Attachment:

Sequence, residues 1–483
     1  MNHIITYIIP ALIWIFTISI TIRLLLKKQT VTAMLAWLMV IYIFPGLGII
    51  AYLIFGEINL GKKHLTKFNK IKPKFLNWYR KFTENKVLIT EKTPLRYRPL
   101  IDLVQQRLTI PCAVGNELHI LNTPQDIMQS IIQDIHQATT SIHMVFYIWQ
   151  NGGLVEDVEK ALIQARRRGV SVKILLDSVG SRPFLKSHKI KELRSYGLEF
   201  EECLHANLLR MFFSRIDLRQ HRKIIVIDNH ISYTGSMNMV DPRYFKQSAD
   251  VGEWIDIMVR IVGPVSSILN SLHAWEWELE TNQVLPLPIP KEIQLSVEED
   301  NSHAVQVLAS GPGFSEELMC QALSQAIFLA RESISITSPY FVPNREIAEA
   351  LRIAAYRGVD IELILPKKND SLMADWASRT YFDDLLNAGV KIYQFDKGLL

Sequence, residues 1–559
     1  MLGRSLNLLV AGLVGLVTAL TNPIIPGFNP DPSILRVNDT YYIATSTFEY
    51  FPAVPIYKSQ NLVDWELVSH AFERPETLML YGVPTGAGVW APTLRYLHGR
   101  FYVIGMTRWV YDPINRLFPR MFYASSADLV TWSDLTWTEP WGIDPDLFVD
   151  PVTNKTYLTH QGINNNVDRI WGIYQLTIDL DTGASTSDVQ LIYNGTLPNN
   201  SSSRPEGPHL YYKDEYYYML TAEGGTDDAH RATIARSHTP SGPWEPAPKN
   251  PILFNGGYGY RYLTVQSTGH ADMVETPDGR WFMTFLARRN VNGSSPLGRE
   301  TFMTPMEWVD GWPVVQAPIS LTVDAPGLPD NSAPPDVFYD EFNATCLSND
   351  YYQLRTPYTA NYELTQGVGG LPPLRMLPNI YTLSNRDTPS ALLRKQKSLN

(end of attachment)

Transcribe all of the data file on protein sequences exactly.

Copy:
Sequence, residues 1–483
     1  MNHIITYIIP ALIWIFTISI TIRLLLKKQT VTAMLAWLMV IYIFPGLGII
    51  AYLIFGEINL GKKHLTKFNK IKPKFLNWYR KFTENKVLIT EKTPLRYRPL
   101  IDLVQQRLTI PCAVGNELHI LNTPQDIMQS IIQDIHQATT SIHMVFYIWQ
   151  NGGLVEDVEK ALIQARRRGV SVKILLDSVG SRPFLKSHKI KELRSYGLEF
   201  EECLHANLLR MFFSRIDLRQ HRKIIVIDNH ISYTGSMNMV DPRYFKQSAD
   251  VGEWIDIMVR IVGPVSSILN SLHAWEWELE TNQVLPLPIP KEIQLSVEED
   301  NSHAVQVLAS GPGFSEELMC QALSQAIFLA RESISITSPY FVPNREIAEA
   351  LRIAAYRGVD IELILPKKND SLMADWASRT YFDDLLNAGV KIYQFDKGLL

Sequence, residues 1–559
     1  MLGRSLNLLV AGLVGLVTAL TNPIIPGFNP DPSILRVNDT YYIATSTFEY
    51  FPAVPIYKSQ NLVDWELVSH AFERPETLML YGVPTGAGVW APTLRYLHGR
   101  FYVIGMTRWV YDPINRLFPR MFYASSADLV TWSDLTWTEP WGIDPDLFVD
   151  PVTNKTYLTH QGINNNVDRI WGIYQLTIDL DTGASTSDVQ LIYNGTLPNN
   201  SSSRPEGPHL YYKDEYYYML TAEGGTDDAH RATIARSHTP SGPWEPAPKN
   251  PILFNGGYGY RYLTVQSTGH ADMVETPDGR WFMTFLARRN VNGSSPLGRE
   301  TFMTPMEWVD GWPVVQAPIS LTVDAPGLPD NSAPPDVFYD EFNATCLSND
   351  YYQLRTPYTA NYELTQGVGG LPPLRMLPNI YTLSNRDTPS ALLRKQKSLN